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Walidah Imarisha speaks on racism's variety of forms in Oregon and lasting implications

PMG PHOTO: AVA EUCKER - Walidah Imarisha shares her sentiments at Marlyhurst University to an audience of about 200 people.

This article has been updated from its original version.

Walidah Imarisha, an acclaimed author and speaker on Oregon Black history, shared her studies at Mary's Woods July 23 in a talk titled 'Why Aren't There More Black People in Oregon: A Hidden History.'

Respond to Racism (R2R), the West Linn Alliance for Inclusive Community and the Mary's Woods Diversity Task Force co-hosted the event which rallied nearly 200 attendees.

"Oregon Black history is Oregon history," Imarisha said. "We can't begin to understand the place we live without knowing its full history."

Imarisha grew up on military bases and spent many years in predominantly white Germany and Iceland. Still, she said moving to Springfield Oregon at age 13 was shocking as she saw very few people of color.

Imarisha went on to become an author, educator and public speaker devoted to educating others on the history of Black Oregon and racial issues on the whole.

Imarisha structured her talk as a dialogue, asking people to read through a timeline she created in pairs and to cultivate questions and comments about our history.

Imarisha warned that much of the content in the timeline can be disturbing and surprising to those learning it for the first time. She also noted that those just now learning about the racist history of Oregon are privileged.

"There are two Oregons right by each other," Imarisha said. "And the white Oregon doesn't know what it is like being in the Black Oregon."

In 1844, Oregon outlawed slavery but allowed slaves to be kept for up to three years as a lenience period. Black residents were then required to leave the state once freed. Black people who remained in the state were subject to public whippings every six months under Peter Burnett's Lash Law. PMG PHOTO: AVA EUCKER - Imarisha shares a slideshow that helps uncover the hidden racism of Oregon's past and present

In 1921 came the first rst Ku Klux Klan chapter in Oregon. Oregon once had the highest per capita Klan membership.

In 1922 Walter Pierce, then Governor of Oregon, doubled as a supporter of the Klu Klux Klan.

The fourteenth amendment, guaranteeing universal citizenship with no regard for one's race, was de-ratified in Oregon in 1868. It remained de-ratified until 1973.

Black exclusive language wasn't removed from the Oregon constitution until 2002.

Shame, disgust and shock were all expressed by voices around the room who took turns sharing their reactions and commentaries after reading the timeline.

"All of these points in our history send a message about the kind of place Oregon wanted to be," Imarisha said.

One person asked how to move forward with this knowledge while still being proud of this state.

"If you are going to be proud of something you should be able to prove why you are proud," Imarisha said.PMG PHOTO: AVA EUCKER  - Community members observe Imarisha's slides and share commentary

A "white utopia" was how Imarisha described Portland — progressive place if you are white and rich, and a case study of neoliberal racism.

"Portland portrays itself as a liberal utopia, a white playground," Imarisha said. "But this utopia and the history of racism and white supremacy are inextricable."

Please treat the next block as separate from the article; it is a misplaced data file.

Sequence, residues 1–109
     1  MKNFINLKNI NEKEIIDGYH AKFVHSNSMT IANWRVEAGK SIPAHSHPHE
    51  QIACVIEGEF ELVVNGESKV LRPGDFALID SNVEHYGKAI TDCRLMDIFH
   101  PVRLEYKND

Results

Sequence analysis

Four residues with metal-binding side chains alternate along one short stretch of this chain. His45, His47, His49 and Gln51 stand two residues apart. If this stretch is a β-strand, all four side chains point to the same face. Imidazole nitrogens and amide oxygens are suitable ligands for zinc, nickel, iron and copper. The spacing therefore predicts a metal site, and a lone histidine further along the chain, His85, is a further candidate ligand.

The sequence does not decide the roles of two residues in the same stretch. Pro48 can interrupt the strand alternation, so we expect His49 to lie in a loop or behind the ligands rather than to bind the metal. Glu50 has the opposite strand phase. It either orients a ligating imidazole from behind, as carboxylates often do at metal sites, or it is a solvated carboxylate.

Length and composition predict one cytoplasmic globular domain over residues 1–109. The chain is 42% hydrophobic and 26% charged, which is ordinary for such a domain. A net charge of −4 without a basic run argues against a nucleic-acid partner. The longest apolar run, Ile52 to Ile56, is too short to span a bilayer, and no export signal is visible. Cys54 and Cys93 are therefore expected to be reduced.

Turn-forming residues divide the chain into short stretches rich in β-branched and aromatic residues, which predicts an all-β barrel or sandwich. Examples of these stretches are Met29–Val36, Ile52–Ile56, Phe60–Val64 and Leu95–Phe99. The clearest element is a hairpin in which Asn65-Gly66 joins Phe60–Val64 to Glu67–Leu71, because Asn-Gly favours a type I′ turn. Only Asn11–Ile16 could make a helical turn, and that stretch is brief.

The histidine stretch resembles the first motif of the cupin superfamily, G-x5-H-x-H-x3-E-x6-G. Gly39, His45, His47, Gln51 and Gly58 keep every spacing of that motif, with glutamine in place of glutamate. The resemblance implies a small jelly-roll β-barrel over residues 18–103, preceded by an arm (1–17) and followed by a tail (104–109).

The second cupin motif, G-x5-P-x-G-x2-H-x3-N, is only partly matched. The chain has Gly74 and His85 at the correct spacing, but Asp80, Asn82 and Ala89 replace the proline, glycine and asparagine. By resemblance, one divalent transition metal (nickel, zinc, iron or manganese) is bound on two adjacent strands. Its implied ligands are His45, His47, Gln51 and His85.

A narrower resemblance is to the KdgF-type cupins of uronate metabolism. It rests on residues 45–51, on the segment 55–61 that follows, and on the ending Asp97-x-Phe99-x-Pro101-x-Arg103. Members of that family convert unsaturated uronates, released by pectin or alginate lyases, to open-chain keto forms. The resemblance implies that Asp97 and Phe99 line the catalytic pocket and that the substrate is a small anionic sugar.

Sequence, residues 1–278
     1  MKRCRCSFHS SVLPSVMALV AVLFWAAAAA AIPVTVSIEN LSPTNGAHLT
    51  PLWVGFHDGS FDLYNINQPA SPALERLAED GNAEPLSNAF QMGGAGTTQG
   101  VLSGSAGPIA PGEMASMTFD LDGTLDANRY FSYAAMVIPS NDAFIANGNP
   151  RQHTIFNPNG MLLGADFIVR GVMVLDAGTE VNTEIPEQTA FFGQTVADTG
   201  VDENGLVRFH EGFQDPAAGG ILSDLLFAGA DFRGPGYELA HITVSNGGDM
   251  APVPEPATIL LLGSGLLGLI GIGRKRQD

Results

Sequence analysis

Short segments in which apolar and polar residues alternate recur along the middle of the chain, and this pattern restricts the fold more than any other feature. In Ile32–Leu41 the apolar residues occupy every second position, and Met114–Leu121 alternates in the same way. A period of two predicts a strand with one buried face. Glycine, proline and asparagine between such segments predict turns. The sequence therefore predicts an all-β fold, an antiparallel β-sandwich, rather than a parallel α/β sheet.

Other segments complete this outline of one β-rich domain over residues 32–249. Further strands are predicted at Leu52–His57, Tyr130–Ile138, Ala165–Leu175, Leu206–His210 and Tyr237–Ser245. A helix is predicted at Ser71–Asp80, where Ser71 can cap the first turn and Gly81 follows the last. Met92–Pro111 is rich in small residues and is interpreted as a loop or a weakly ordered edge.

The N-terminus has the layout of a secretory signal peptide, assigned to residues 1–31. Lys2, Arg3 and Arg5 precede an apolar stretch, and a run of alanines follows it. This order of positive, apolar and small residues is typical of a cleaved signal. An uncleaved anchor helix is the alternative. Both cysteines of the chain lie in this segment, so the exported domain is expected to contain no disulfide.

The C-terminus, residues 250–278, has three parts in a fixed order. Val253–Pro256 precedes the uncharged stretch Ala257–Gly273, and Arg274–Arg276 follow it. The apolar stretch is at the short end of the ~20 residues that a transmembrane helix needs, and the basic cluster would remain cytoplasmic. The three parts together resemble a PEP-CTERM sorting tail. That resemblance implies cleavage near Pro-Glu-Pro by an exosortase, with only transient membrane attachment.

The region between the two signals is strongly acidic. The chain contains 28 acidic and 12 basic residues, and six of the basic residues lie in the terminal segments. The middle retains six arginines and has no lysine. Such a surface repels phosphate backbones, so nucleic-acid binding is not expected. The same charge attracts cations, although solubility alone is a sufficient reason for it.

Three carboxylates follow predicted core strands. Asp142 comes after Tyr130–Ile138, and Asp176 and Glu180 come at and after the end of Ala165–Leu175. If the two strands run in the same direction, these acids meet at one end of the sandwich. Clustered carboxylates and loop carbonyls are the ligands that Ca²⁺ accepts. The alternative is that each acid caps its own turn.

Another attendee asked if white people ever helped in the fight for racial equality. To this Imarisha replied that white allies have always existed but that they shouldn't be confused as white saviors.

"People of color don't need saviors, we need allies," she said.

Digging into the institutional racism in Oregon, Imarisha cited the state highway system as a racist structure built for the demand of suburbs as a place for white folks to live in secluded safe areas.

Many suburbs in the U.S., including Lake Oswego, were classified as "sundown towns" where Black people were specifically barred from residency by private land deeds. PMG PHOTO: AVA EUCKER - Lake Oswego residents read Imarisha's timeline posted around the room

David Salerno Owens, director of equity for the Lake Oswego School District and a member of the Steering Committee with R2R, said there are a lot of people wanting to engage with tools and conversations to better understand racial issues in our community.

"It is pivotal to engage the community in these conversations to create a more inclusive and welcoming space," Salerno Owens said.

Salerno Owens used to be a part of Lakeridge High School staff as one of the few people of color in a place where 93% of educators are white. Owens said part of his goal is to recruit and retain people of color in the school district and to celebrate them in a safe, inclusive and welcoming environment.

The Portland African American Leadership Forum (PAALF) recently released "A People's Plan." This document outlines tools to bridge racial disparities and is recommended by Imarisha as a place to draw knowledge to help form a better, more just future. This can be accessed online on the PAALF website.

The conclusion of Imarisha's talk focused on a lengthy list of over 100 organizations in Oregon fighting for racial justice.

Bruce Poinsette, media action team leader with R2R and member of steering and executive committees, has followed Imarisha for years and praised her for her work ethic, vision and inspiratory presence.

"I think this talk touched a lot of people," Poinsette said. "I think it connected the dots between overt racism and things like our highway system that also stem from racism." PMG PHOTO: AVA EUCKER - Community members read about the hidden history of racism in Oregon


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